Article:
Gardens and parks in Kent

From new displays across the garden at Ightham Mote to unmissable spring showstoppers at Emmetts Garden, National Trust gardens across Kent are filled with colour this season.

By visiting our gardens you help us care for them throughout the seasons.

A family walking in the woods at Fountains Abbey, North Yorkshire

Latest visiting update 

Our gardens, parks, cafés, shops, countryside locations and many houses are open. You no longer need to pre-book at many places. Some still require booking ahead, so please check the property webpage before you travel.​

Spring daffodils in front of Chartwell house

Chartwell 

Daffodils cover the grounds from early spring. Look out for the double-headed Winston Churchill daffodil in the Walled Garden. Magnolias, rhododendrons and azaleas line the pathway as spring progresses. Another highlight is the Eddie’s White Wonder, standing tall over the croquet pitch. In May, bearded irises bob along the Iris Walk, including varieties similar to those favoured by Clementine Churchill herself. The place for bluebells, usually from mid-April, is the surrounding woodland, with the forest floor of Mariners Hill fully carpeted with blue.

Bluebell slopes at Emmetts Garden, a National Trust property in Kent

Emmetts Garden 

The rhododendrons and azaleas are unmissable, with 130 different varieties providing ongoing interest throughout the season. 48 cherry trees blossom next to the wildflower meadow, surrounded by a sea of pink, red and black tulips. More unique specimens are the handkerchief and wedding cake trees. The ‘wow’ moment at Emmetts however is always the English bluebells, with the whole woodland completely transformed. Please check pre-booking requirements on the website before visiting.

Looking across the daffodil filled orchard to the north side of the house on a sunny day

Ightham Mote 

There's new planting including mid and late-season daffodils, grape hyacinths, Russian snowdrops and snowflakes. In the orchard new apple and other fruit trees have been planted. Plus there's a new fruit, vegetable and herb border underway along the west wall. New and renovated paths around the north pleasure grounds and south lake will make it easier for buggies and wheelchairs to enjoy stunning views back to the house. From early May the alliums arrive, signalling the transition to early summer.

A view from the bastion at Scotney Castle overlooking the old castle and rhododendrons

Scotney Castle 

The Quarry Garden, filled with azaleas, re-opens this spring. Capture the iconic view from the Bastion over the newly-landscaped rhododendrons to the Old Castle before winding your way inside. Clouds of cherry and amelanchier blossom guard the entrance to the Quarry Garden, whilst the Walled Garden fruit trees are covered in delicate blooms. Daffodils include Narcissus 'Eystettensis', an ancient variety of Narcissus dating back to the 1600s under the beech opposite the Queen Mother's Lawn. Bluebells are most dense under the two main beech trees and along the drive, as well as throughout the woodlands on the estate. To guarantee entry to the car park, please pre-book your parking tickets via the property website.

Colourful Irises in the garden

Sissinghurst Castle Garden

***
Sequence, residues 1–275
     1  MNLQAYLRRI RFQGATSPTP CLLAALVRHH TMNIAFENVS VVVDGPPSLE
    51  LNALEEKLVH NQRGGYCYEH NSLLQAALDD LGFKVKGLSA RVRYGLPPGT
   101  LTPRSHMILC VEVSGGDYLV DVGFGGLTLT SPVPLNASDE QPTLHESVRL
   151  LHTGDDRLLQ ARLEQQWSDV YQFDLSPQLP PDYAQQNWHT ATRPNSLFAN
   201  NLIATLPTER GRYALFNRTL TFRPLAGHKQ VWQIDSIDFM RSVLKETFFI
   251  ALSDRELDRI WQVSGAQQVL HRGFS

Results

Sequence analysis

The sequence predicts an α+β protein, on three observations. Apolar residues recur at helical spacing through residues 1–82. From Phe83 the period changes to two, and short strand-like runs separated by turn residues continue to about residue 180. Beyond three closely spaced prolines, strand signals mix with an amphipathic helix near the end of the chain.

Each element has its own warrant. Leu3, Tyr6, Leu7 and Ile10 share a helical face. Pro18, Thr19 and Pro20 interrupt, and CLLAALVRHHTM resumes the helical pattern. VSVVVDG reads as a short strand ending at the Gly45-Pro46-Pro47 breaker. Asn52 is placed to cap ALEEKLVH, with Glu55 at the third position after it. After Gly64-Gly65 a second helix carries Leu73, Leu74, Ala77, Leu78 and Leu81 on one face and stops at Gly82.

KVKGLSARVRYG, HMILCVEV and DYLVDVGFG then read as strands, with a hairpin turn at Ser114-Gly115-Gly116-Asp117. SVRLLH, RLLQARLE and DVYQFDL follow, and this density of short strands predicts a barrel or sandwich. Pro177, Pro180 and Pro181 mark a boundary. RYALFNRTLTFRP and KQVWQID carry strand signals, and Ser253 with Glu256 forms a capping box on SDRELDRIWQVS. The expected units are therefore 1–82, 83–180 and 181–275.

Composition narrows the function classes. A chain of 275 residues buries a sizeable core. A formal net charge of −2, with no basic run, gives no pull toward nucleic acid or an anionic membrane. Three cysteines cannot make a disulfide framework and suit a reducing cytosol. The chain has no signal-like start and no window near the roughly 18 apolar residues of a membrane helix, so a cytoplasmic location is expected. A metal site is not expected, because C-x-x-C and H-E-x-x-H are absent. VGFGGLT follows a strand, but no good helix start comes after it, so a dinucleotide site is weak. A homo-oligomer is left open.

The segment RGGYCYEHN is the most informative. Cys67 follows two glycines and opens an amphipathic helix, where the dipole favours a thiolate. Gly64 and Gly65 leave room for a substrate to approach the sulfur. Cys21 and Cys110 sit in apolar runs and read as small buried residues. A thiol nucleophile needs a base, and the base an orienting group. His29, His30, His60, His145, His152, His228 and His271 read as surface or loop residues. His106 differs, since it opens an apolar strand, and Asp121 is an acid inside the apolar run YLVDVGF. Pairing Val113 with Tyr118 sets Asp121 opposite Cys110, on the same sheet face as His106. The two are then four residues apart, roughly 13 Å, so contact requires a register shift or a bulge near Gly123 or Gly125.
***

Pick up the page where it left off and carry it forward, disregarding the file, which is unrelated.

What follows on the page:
The formal gardens spring to life as snowdrops make way for daffodils and anemones. Walk the nuttery and lime walk to see flower beds in full bloom. The orchard brims with daffodils and crocuses, and blossom on the fruit trees. Late April sees bluebells create a carpet of purple amongst the trees. In May, irises light up the garden for one brief but spectacular moment. Heritage cultivars such as ‘Black Douglas’ from America and ‘Beotie’ from France bloom in rich, intense colours.

The wisteria at Knole

Knole 

Lord Sackville’s private garden is open on selected dates, revealing sprawling lawns, a walled garden, an untamed wilderness area and a medieval orchard. The garden at Knole has existed since the early fifteenth century. Highlights include rarely-seen views back to the beautiful south front of the house, the mossy meandering paths of ‘the wilderness’ and a glorious display of purple wisteria along the garden’s western wall. Self-guided tours are available (pick up a leaflet at the entrance to the garden). As this is a private garden, tended by Lord Sackville’s gardeners, seating is limited and plants are not marked. Open Mon 28 Mar, Mon 11 Apr, Wed 27 Apr & Thurs 12 May. Last entry at 3.30pm. Pre-booking essential.

The garden at Quebec House

Quebec House 

Tulips planted outside the front door bloom a beautiful red every year. Daffodils line the path to the coach house and around the borders of the intimate garden. The alliums begin to emerge as well as the very beautiful aquilegia - otherwise known as Granny's Bonnet. A small patch of wisteria winds up the front and side of the house, framing the windows with lilac, and the smell of wild garlic fills the air. Open Wednesday to Sunday. Closed Mondays & Tuesdays.

Apple blossom in the orchard at Smallhythe Place

Smallhythe Place 

The garden contains a traditional rose garden, orchard, nuttery and ponds, all of which are home to an abundance of wildlife including the protected Great Crested Newt. Come spring, see carpets of colour including primroses, bluebells and fritillaries stretching across the gardens. Spring bulbs surface around the ponds, and pale pink and white apple blossom litters the grounds of the orchards. Open Wednesday to Sunday. Closed Mondays & Tuesdays.